Europe! I now think of Spain as part of Europe—developed, democratic, fully integrated into modern European culture. It was not always so. When I had first visited Spain in the early 1970s, Franco was still in power; Spain was not a democratic or a modern country; poverty was widespread. The future was uncertain; any one of a number of possibilities—fascism, communism, democracy, or civil war—was still possible. Spain was still claiming to be different—unique, distinctive—and I wrote about that in my early books.¹ It was not just the Franco regime but Spanish society was similarly authoritarian, hierarchical, top-down, conservative, corporatist, and very Catholic.

Some of these features were more-or-less permanent characteristics of Spanish political culture; others of them would change very rapidly once Franco died, a new generation came to power, and Spain modernized and liberalized very quickly. I was involved in some of the polling of public opinion in Spain in the late 1970s that measured these seismic shifts in attitudes and toward modernization. But instead of pursuing the other alternatives mentioned above, Spain in the 1970s undertook a transition to democracy that inspired an entire literature on that theme and became a model for other countries to emulate. Then, when Spain joined the European Union (EU) in the mid-1980s, its transition was ratified and Spain was linked to a modern, progressive, social-welfare-oriented Europe. Spain’s ancient complexes—First World or Third World, Western or non-Western, European or Latin American—were finally resolved. Or so it seemed in this earlier, happier period.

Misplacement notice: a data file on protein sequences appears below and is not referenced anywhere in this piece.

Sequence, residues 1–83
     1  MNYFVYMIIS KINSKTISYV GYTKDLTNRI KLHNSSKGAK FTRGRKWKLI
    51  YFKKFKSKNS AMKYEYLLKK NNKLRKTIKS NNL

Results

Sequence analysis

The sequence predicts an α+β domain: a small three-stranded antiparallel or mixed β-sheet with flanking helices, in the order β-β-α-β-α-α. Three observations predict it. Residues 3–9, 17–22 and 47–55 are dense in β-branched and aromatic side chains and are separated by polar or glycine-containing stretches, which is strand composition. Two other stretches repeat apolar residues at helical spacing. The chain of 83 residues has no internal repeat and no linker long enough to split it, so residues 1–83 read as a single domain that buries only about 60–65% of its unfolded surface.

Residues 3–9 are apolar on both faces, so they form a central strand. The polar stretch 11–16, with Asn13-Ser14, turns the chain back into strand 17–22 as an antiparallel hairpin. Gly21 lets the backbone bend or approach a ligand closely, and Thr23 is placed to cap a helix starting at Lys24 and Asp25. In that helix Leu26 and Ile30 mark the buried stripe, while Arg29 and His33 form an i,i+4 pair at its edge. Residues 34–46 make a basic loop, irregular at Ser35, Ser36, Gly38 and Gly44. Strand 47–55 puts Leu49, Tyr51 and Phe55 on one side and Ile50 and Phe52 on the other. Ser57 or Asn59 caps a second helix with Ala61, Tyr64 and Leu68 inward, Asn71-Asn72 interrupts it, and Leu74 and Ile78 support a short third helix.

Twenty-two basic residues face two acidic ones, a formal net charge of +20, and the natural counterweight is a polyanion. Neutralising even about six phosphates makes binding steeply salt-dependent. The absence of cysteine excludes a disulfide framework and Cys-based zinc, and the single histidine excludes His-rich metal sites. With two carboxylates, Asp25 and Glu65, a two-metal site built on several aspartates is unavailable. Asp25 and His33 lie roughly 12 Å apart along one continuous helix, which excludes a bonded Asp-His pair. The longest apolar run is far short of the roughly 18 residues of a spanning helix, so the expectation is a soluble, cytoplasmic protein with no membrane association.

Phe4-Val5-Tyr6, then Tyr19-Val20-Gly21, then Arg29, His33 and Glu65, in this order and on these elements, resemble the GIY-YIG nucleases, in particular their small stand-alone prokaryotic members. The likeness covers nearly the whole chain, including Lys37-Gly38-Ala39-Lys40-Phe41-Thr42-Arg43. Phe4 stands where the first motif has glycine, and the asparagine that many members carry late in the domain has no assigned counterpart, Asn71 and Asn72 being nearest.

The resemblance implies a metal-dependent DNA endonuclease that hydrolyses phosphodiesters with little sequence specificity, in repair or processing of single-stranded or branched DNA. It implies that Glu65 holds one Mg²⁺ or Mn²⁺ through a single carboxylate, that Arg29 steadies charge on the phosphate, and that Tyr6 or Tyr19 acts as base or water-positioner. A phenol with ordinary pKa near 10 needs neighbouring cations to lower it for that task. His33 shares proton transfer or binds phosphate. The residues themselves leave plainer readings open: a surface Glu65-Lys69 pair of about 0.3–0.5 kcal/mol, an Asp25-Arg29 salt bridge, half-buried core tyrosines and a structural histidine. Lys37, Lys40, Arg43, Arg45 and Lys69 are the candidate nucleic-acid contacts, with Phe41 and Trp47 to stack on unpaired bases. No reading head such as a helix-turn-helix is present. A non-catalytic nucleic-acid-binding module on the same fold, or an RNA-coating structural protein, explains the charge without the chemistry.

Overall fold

Landing at the airport that day, my assumptions about the new, modern Spain were reconfirmed. There had been a time in the 1970s and early 1980s when I traveled to Spain every year and sometimes more than that. I was then working as a consultant to the U.S. State Department and the embassy in Madrid, and at that stage it was still not certain what the outcome of the Spanish transition would be. The embassy, the CIA, and the Defense Department, still at that time in the context of the Cold War, were worried that Spain might either go communist or disintegrate into street demonstrations and chaos. But over time Spain settled down, became democratic, and stabilized. As it did so, I visited Spain less often, once every two or three years instead of every year.